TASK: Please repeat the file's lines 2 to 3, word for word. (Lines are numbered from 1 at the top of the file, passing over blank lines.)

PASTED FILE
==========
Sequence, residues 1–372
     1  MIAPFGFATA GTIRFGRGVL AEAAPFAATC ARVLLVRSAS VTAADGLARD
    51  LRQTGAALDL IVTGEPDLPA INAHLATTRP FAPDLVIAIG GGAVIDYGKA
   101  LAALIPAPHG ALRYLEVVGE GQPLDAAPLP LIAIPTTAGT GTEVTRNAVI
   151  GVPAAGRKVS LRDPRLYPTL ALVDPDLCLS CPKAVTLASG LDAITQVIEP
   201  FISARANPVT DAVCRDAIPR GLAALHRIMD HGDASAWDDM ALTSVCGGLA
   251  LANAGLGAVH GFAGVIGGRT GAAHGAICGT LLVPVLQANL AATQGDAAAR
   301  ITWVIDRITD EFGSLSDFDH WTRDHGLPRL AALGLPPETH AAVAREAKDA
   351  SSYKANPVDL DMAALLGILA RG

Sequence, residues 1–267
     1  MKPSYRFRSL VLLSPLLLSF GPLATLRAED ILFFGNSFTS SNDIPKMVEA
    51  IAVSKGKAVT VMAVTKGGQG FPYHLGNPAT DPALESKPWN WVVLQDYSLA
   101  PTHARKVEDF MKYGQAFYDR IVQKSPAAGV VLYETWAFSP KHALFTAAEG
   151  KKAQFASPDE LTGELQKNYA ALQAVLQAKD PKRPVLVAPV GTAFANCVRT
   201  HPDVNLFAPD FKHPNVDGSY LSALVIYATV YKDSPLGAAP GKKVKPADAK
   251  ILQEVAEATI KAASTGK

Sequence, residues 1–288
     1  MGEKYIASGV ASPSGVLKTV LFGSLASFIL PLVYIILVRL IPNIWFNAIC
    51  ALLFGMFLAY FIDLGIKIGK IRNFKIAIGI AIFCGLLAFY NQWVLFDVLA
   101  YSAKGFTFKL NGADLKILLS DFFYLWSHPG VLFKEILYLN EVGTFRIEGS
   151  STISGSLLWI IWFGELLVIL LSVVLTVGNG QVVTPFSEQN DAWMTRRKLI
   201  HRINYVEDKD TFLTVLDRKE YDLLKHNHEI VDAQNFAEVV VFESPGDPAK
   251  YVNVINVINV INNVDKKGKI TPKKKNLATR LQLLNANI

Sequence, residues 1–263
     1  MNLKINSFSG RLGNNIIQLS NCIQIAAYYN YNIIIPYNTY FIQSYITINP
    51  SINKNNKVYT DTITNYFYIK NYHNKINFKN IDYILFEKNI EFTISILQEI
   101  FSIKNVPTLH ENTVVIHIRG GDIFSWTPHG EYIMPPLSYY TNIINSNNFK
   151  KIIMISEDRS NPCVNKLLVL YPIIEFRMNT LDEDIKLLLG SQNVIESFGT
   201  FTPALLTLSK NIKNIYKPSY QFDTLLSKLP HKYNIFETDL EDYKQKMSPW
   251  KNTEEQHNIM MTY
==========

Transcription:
     1  MIAPFGFATA GTIRFGRGVL AEAAPFAATC ARVLLVRSAS VTAADGLARD
    51  LRQTGAALDL IVTGEPDLPA INAHLATTRP FAPDLVIAIG GGAVIDYGKA